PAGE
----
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Clin J Pain. 2007 Nov-Dec;23(9):812-20.

Objective and subjective assessment of sleep in adolescents with chronic pain compared to healthy adolescents.

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Department of Anesthesiology and Peri-Operative Medicine, UHS-2, Oregon Health and Science University, 3181 SW Sam Jackson Park Road, Portland, OR 97239-3098, USA.



The purpose of this study was to compare sleep of adolescents with chronic pain and healthy adolescents using both subjective and objective sleep assessments, and to identify correlates of poor sleep.


Forty adolescents (n=20 with chronic pain and n=20 healthy adolescents), aged 12 to 17 years (72.5% female) participated. Adolescents completed self-report measures of pain, sleep quality and hygiene, presleep arousal/worry, and depressive symptoms. Sleep patterns were assessed over 7 consecutive days using an actigraph, a motion-monitoring device detecting sleep-wake patterns by measuring activity levels. Total sleep time, sleep efficiency, wake time, and wake bouts were derived from the actigraph and aggregated for analysis.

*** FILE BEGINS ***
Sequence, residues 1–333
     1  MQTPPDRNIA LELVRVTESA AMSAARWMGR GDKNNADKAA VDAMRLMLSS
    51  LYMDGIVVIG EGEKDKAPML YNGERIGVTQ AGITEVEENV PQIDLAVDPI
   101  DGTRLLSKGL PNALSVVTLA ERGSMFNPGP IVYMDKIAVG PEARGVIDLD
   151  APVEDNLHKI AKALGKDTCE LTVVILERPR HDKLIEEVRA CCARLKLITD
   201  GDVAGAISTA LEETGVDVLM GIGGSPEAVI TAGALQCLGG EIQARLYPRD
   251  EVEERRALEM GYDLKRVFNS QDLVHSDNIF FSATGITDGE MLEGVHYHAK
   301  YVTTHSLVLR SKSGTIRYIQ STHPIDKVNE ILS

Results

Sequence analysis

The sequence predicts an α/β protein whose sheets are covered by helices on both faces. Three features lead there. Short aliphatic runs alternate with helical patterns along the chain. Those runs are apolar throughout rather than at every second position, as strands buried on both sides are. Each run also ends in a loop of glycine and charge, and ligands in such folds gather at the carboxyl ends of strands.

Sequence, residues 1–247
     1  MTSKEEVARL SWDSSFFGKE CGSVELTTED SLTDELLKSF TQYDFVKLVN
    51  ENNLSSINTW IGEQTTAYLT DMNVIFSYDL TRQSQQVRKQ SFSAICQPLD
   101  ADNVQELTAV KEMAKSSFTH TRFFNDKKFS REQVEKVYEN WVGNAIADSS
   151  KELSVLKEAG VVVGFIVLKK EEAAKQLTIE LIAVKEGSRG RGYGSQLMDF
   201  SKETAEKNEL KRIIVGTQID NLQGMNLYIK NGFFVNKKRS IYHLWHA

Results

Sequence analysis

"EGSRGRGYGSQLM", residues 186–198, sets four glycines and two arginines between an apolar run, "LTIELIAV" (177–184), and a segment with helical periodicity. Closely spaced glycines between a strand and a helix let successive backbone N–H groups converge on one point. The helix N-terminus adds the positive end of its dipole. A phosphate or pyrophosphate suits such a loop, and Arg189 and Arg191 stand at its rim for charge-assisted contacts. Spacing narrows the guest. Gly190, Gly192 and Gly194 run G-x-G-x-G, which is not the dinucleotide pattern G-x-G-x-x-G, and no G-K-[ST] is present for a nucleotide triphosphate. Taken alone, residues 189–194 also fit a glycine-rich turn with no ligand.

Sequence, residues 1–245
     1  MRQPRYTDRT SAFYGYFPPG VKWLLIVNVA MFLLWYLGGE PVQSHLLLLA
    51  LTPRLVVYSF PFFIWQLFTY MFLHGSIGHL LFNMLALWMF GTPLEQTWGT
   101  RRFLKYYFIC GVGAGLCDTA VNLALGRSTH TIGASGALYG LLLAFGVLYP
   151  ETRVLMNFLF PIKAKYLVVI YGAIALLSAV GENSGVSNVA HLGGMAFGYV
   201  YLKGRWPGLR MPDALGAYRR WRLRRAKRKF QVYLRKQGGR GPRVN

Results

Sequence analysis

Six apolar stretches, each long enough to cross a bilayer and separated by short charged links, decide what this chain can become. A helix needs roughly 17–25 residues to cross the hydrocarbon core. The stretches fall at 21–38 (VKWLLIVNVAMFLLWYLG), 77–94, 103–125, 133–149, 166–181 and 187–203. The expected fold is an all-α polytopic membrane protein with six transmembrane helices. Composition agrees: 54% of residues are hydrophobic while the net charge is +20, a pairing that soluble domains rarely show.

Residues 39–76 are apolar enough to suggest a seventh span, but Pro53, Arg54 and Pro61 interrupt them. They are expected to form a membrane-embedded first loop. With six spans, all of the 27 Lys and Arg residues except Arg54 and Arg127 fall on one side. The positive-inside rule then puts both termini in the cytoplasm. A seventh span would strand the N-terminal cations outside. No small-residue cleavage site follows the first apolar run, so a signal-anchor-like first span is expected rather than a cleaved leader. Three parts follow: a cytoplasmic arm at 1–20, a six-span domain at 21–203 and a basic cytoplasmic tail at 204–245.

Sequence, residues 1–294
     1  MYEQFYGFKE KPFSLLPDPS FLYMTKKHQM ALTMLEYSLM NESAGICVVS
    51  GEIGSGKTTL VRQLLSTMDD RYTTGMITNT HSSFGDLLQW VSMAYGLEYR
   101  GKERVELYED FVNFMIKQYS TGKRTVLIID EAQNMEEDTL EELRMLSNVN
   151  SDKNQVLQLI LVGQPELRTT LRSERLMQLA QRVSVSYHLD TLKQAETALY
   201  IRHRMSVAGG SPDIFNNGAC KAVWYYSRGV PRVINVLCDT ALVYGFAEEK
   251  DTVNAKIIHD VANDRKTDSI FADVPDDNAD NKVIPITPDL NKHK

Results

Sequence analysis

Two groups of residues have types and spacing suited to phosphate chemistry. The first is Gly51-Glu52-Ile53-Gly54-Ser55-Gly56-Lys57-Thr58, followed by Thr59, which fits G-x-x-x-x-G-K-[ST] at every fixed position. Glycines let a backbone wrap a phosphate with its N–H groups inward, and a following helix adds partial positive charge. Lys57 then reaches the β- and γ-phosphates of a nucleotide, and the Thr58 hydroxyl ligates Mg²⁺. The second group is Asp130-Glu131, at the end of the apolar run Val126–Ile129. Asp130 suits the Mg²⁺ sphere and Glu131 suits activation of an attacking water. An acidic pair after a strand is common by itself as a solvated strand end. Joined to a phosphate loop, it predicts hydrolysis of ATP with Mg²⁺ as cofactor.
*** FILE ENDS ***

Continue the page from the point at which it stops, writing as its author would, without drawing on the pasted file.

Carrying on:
Compared with healthy peers, adolescents with chronic pain demonstrated similar total sleep time as healthy adolescents, but significantly poorer sleep. In particular, adolescents with chronic pain subjectively reported poorer sleep quality and increased insomnia symptoms, and demonstrated lower actigraphic sleep efficiency and more wake bouts compared with their healthy peers. Depressive symptoms and worry at bedtime were significant predictors of subjectively reported sleep quality but not of actigraphic sleep.


Adolescents with chronic pain evidenced poorer sleep quality, increased insomnia symptoms, and less efficient sleep with more wake bouts in comparison with healthy adolescents, findings that require replication in a larger sample. Assessment and management of sleep disturbances is an important aspect of care for children and adolescents with chronic pain.

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